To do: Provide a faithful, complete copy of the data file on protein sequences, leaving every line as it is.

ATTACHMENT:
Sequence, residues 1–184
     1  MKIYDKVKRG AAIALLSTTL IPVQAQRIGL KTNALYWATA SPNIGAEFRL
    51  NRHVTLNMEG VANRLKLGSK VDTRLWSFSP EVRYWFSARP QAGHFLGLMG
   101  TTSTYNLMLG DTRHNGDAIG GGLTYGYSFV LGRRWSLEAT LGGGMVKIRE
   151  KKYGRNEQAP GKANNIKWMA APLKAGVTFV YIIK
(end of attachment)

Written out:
Sequence, residues 1–184
     1  MKIYDKVKRG AAIALLSTTL IPVQAQRIGL KTNALYWATA SPNIGAEFRL
    51  NRHVTLNMEG VANRLKLGSK VDTRLWSFSP EVRYWFSARP QAGHFLGLMG
   101  TTSTYNLMLG DTRHNGDAIG GGLTYGYSFV LGRRWSLEAT LGGGMVKIRE
   151  KKYGRNEQAP GKANNIKWMA APLKAGVTFV YIIK